It was Autumn, and incessant
  Piped the quails from shocks and sheaves,
And, like living coals, the apples
  Burned among the withering leaves.
        Longfellow—Pegasus in Pound.
  16
  What visionary tints the year puts on,
When falling leaves falter through motionless air
  Or numbly cling and shiver to be gone!
How shimmer the low flats and pastures bare,
  As with her nectar Hebe Autumn fills
  The bowl between me and those distant hills,
And smiles and shakes abroad her misty, tremulous hair!
        Lowell—An Indian Summer Reverie.
  17
Every season hath its pleasures;
  Spring may boast her flowery prime,
Yet the vineyard’s ruby treasures
  Brighten Autumn’s sob’rer time.
        Moore—Spring and Autumn.
  18
          Autumn
  Into earth’s lap does throw
Brown apples gay in a game of play,
  As the equinoctials blow.
        D. M. Mulock—October.
  19
Sorrow and the scarlet leaf,
  Sad thoughts and sunny weather;
Ah me! this glory and this grief
  Agree not well together!
        T. W. Parsons—A Song for September.
  20
 
 
Ye flowers that drop, forsaken by the spring,
Ye birds that, left by summer, cease to sing,
Ye trees that fade, when Autumn heats remove,
Say, is not absence death to those who love?
        Pope—Pastorals. Autumn. L. 27.
  21
Thus sung the shepherds till th’ approach of night,
The skies yet blushing with departing light,
When falling dews with spangles deck’d the glade,
And the low sun had lengthened every shade.
        Pope—Pastorals. Autumn. Last lines.
  22
O, it sets my heart a clickin’ like the tickin’ of a clock,
When the frost is on the punkin and the fodder’s in the shock.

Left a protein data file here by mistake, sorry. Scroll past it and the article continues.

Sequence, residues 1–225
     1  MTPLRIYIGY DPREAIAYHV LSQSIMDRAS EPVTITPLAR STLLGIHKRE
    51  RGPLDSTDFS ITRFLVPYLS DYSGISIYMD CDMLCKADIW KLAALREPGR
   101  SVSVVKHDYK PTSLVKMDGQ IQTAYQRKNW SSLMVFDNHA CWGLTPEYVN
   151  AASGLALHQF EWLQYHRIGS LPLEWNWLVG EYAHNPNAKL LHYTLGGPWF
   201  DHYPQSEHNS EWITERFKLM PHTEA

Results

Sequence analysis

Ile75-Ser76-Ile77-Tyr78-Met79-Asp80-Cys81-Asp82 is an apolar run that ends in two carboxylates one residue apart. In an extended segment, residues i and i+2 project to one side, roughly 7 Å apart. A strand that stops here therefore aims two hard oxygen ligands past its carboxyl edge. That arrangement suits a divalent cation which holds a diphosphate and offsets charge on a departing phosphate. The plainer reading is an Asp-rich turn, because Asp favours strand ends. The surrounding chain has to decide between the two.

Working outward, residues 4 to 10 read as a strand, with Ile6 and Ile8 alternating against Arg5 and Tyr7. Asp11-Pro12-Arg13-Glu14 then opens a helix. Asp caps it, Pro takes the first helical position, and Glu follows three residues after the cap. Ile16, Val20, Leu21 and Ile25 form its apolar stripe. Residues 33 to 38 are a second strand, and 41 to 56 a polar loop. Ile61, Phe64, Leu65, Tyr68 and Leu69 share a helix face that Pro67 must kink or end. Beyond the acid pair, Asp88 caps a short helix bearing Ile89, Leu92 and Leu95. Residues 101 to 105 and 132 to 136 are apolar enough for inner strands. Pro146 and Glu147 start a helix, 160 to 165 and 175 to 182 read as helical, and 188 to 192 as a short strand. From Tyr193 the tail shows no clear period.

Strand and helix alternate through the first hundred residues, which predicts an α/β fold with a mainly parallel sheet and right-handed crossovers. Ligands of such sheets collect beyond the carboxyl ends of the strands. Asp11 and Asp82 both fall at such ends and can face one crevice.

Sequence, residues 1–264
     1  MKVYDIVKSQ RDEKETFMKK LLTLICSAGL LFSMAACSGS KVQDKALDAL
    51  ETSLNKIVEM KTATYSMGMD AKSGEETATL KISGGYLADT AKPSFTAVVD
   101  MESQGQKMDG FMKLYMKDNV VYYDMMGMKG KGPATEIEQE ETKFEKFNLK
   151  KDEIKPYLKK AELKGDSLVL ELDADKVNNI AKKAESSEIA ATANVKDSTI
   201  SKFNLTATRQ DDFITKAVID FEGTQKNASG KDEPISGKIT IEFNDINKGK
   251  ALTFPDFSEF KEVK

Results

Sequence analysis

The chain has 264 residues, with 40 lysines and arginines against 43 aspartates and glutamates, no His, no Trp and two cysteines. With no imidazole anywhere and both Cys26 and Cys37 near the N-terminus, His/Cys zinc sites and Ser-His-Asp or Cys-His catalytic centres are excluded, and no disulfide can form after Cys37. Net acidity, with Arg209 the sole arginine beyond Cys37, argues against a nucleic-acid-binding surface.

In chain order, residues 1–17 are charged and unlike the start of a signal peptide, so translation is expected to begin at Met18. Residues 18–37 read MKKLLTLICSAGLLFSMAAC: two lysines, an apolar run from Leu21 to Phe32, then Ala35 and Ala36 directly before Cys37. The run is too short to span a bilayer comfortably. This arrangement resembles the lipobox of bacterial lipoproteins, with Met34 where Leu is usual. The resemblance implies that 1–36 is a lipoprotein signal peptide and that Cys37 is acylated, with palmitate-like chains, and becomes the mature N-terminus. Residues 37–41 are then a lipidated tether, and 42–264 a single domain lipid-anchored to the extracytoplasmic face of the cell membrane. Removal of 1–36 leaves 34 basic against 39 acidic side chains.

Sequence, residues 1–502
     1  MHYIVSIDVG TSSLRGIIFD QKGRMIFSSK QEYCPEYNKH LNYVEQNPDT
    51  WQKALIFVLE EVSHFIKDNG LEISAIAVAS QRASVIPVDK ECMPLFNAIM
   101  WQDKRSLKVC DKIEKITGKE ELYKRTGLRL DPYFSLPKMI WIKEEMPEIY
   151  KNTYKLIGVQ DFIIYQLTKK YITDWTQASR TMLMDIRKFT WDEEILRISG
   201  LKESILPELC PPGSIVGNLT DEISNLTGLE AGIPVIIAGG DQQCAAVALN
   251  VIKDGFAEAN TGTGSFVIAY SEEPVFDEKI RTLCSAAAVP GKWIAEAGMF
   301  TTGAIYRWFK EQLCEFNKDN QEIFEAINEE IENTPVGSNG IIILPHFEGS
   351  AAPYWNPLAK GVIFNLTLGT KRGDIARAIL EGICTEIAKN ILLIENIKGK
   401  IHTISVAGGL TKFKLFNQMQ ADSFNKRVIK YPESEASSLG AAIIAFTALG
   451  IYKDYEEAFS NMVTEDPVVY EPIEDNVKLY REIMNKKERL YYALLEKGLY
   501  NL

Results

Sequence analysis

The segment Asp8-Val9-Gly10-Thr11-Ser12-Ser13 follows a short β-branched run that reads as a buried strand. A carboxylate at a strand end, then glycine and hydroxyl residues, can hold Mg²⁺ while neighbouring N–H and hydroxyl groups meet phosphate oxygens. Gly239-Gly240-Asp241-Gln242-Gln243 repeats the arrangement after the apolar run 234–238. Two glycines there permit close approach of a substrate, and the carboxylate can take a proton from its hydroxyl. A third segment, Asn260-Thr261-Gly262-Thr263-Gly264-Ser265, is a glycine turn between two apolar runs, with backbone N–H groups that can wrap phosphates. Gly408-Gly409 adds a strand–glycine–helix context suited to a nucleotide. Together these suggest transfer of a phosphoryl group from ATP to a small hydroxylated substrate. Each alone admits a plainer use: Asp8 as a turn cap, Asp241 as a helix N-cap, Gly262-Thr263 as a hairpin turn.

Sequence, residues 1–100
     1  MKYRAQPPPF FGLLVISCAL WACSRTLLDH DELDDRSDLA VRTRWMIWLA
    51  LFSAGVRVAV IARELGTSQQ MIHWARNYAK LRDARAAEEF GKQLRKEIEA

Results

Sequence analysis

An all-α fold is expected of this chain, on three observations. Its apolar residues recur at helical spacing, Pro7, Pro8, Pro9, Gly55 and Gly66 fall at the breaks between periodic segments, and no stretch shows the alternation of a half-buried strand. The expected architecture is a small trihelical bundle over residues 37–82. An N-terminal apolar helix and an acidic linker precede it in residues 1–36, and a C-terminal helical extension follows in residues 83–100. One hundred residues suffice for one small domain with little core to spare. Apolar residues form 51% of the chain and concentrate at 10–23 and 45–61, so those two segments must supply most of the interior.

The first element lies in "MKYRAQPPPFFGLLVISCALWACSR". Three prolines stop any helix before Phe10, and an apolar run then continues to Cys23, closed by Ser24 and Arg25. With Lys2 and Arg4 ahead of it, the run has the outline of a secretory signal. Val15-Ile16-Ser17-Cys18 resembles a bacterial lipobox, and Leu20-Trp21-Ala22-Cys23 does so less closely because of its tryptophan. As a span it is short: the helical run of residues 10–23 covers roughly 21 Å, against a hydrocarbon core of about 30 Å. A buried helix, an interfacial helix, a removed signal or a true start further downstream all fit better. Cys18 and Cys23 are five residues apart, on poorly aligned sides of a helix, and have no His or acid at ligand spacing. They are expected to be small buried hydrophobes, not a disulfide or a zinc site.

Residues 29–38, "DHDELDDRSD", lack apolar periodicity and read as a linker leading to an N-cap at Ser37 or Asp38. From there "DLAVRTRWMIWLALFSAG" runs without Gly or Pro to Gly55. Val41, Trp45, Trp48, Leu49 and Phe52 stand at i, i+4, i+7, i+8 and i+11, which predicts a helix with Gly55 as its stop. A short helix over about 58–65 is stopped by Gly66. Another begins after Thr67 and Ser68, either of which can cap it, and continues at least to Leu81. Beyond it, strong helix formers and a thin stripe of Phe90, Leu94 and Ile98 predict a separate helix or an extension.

James Whitcomb Riley—When the Frost is on the Punkin.
  23
This sunlight shames November where he grieves
  In dead red leaves, and will not let him shun
  The day, though bough with bough be overrun.
But with a blessing every glade receives
High salutation.
        Rossetti—Autumn Idleness.
  24
The warm sun is failing, the bleak wind is wailing,
The bare boughs are sighing, the pale flowers are dying;
  And the year
On the earth her deathbed, in a shroud of leaves dead,
  Is lying.
  Come, months, come away,
  From November to May,
  In your saddest array;
  Follow the bier
  Of the dead cold year,
And like dim shadows watch by her sepulchre.
        Shelley—Autumn. A Dirge.
  25
Cold autumn, wan with wrath of wind and rain,
Saw pass a soul sweet as the sovereign tune
That death smote silent when he smote again.
        Swinburne—Autumn and Winter. I.
  26
Autumn has come;
Storming now heaveth the deep sea with foam,
Yet would I gratefully lie there,
Willingly die there.
        Esaias Tegnér—Fridthjof’s Saga. Ingeborg’s Lament.
  27
How are the veins of thee, Autumn, laden?
      Umbered juices,
      And pulpèd oozes
  Pappy out of the cherry-bruises,
Froth the veins of thee, wild, wild maiden.
      With hair that musters
      In globèd clusters,
  In tumbling clusters, like swarthy grapes,
Round thy brow and thine ears o’ershaden;
With the burning darkness of eyes like pansies,
      Like velvet pansies
      Where through escapes
The splendid might of thy conflagrate fancies;
With robe gold-tawny not hiding the shapes
      Of the feet whereunto it falleth down,
      Thy naked feet unsandalled;
With robe gold-tawny that does not veil
      Feet where the red
      Is meshed in the brown,
Like a rubied sun in a Venice-sail.
        Francis Thompson—A Corymbus for Autumn. St. 2.
  28
Crown’d with the sickle and the wheaten sheaf,
While Autumn, nodding o’er the yellow plain,
Comes jovial on.
        Thomson—Seasons. Autumn. L. 1.
  29
We lack but open eye and ear
To find the Orient’s marvels here;
The still small voice in autumn’s hush,
Yon maple wood the burning bush.
        Whittier—Chapel of the Hermits.
  30